Mother’s Day has come and gone, and that’s as good a time as any to make my 2014 Long Island City real estate assessments and predictions. Because there’s nothing like having a 4+ month window into the future when it comes to handicapping, and as both writer and editor of this piece I can take liberties such as this, kinda like Murdoch and phone hacking. Also taking a page from Murdoch, I’m going to keep it short, dogmatic, and not necessarily backed by anything but anecdotal evidence gathered from being on the ground in LIC, and my gut instinct.
Office – office buildings are being snapped up left and right at marked premiums to purchase prices 2-4 years ago. So far office rents in LIC have yet to justify those premiums, but most of the acquisitions have been by well-funded institutions, who have the capital to renovate and then re-position the buildings, or wait it out in hopes of their being rezoned for residential.
Industrial - the noose is tightening for light manufacturing and warehouses in LIC, as space gets chipped away from all sides: office/residential/retail, and no new supply comes in to replace it. Many of these types of businesses are being forced to relocate further from Manhattan.
Retail – the word I hear is that landlords are pricing for what will be in the neighborhood, density-wise, not what currently is. Thus the reason for so many empty storefronts.
Residential – we’ve saved the best for last, and the news is mixed:
Sales – supply in LIC is practically non-existent, and the pipeline for more is negligible. Nevertheless, the math on renting vs. buying in most of Manhattan/Brooklyn/Queens is close to equilibrium , so overall, I don’t think there is much room for upside in NYC home prices. BUT, Long Island City is different: it trades at too large a discount to comparable areas close by. On average, that’s $1,000 a square foot versus $1,200 – 1,400. Furthermore, if you are on or near the waterfront and have a view of Manhattan, that number cruises past $1,500 and approaches $2,500 if we’re talking new construction in Manhattan. I expect this discount to narrow over the next few years, and therefore predict sale prices in Long Island City to increase on average by 10% over the next 12 months, with select properties seeing increases of twice that amount. Despite not being near the water, apartments in Court Square will also benefit as the area becomes built out, and everything in Dutch Kills will be picked up by bargain hunters willing to tolerate the grit for space and affordability.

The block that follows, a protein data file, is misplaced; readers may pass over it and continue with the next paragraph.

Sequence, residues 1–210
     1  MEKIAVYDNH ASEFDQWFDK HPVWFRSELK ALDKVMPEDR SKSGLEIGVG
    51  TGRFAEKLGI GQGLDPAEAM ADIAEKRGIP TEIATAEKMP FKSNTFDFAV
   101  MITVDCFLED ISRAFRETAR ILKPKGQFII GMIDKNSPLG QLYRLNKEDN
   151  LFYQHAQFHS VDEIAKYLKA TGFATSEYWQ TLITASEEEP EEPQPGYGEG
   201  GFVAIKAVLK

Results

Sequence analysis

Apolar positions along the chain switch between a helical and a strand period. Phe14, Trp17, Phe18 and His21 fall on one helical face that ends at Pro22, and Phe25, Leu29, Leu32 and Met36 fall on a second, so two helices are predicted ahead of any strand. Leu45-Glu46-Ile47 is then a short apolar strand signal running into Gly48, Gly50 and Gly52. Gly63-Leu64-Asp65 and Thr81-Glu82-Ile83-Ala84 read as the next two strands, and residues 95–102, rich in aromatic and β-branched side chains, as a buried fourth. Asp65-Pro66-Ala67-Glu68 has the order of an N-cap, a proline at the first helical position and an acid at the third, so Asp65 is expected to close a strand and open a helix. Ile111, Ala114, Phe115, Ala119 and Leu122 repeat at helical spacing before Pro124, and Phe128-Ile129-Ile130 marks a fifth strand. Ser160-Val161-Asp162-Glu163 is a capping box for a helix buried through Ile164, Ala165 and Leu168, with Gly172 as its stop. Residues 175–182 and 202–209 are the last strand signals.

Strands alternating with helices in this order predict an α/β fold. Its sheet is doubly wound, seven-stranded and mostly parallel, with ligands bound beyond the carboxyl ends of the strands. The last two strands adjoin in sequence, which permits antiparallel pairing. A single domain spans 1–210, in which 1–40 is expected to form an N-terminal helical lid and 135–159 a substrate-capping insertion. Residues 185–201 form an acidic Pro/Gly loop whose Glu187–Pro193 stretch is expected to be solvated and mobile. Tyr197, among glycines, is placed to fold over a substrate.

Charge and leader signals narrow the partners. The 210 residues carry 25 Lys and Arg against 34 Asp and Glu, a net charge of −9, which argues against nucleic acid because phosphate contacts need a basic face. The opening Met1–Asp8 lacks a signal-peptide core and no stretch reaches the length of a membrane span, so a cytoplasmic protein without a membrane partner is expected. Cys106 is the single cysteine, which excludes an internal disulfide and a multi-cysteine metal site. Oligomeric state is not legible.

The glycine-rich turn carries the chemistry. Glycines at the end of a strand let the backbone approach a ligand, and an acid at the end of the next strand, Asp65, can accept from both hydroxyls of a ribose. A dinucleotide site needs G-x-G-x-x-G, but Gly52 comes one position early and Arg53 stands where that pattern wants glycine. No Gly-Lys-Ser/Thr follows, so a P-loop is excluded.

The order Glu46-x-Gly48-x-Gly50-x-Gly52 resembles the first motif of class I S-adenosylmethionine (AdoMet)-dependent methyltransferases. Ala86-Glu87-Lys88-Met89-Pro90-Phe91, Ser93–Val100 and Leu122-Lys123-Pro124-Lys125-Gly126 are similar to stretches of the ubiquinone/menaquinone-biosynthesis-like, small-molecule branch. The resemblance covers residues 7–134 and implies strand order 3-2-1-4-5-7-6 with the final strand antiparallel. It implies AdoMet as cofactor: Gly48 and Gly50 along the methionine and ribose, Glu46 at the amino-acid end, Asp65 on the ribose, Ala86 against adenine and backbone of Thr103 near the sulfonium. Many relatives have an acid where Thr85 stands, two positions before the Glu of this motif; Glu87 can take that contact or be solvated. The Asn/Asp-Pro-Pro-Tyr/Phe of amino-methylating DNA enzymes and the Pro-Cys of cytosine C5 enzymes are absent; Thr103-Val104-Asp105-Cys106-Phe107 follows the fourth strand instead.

Rentals – I predict rental rates in Court Square will be flat to down over the next few years. Quite simply, there is too much supply coming on in the area. In addition, there are a lot of new rental units being built in Manhattan and Brooklyn, which will impact peoples decision to stay in their current location and not move to LIC. This may be happening already, as from what I hear LinkLIC is less than two-thirds full after almost a year of leasing. On the other hand, the waterfront has one final market-rate building left to fill, after which there will be no more supply for at least half a decade. When that is completed, say by year-end, rents will resume their increases on Center Boulevard. The neighborhood is simply too cheap based on it’s convenience to midtown, it’s parks at its front door, and its views.
What say you aspiring Trumps?
Residential Developer Buys LIC Clock Tower for $15 mil – office to resi conversion?
Second Wyndham Hotel Planned for LIC – this one will be 104-units north of the bridge
Reaching Out to Tech and Creative Tenants, Starting w/ Lunch – NYT piece on the Falchi Building
Movie Shoots Are Terrorizing New Yorkers – “Residents of Court Square are blinded by the lights of Hollywood”
Free Shuttle Bus for LIC Art – I like how this news story appears in a South Carolina newspaper, amongst many other places
Enjoy The Steep but Social Scene at Queens New Climbing Mecca – beer, possibly sex, and rock climbing: classic Murdoch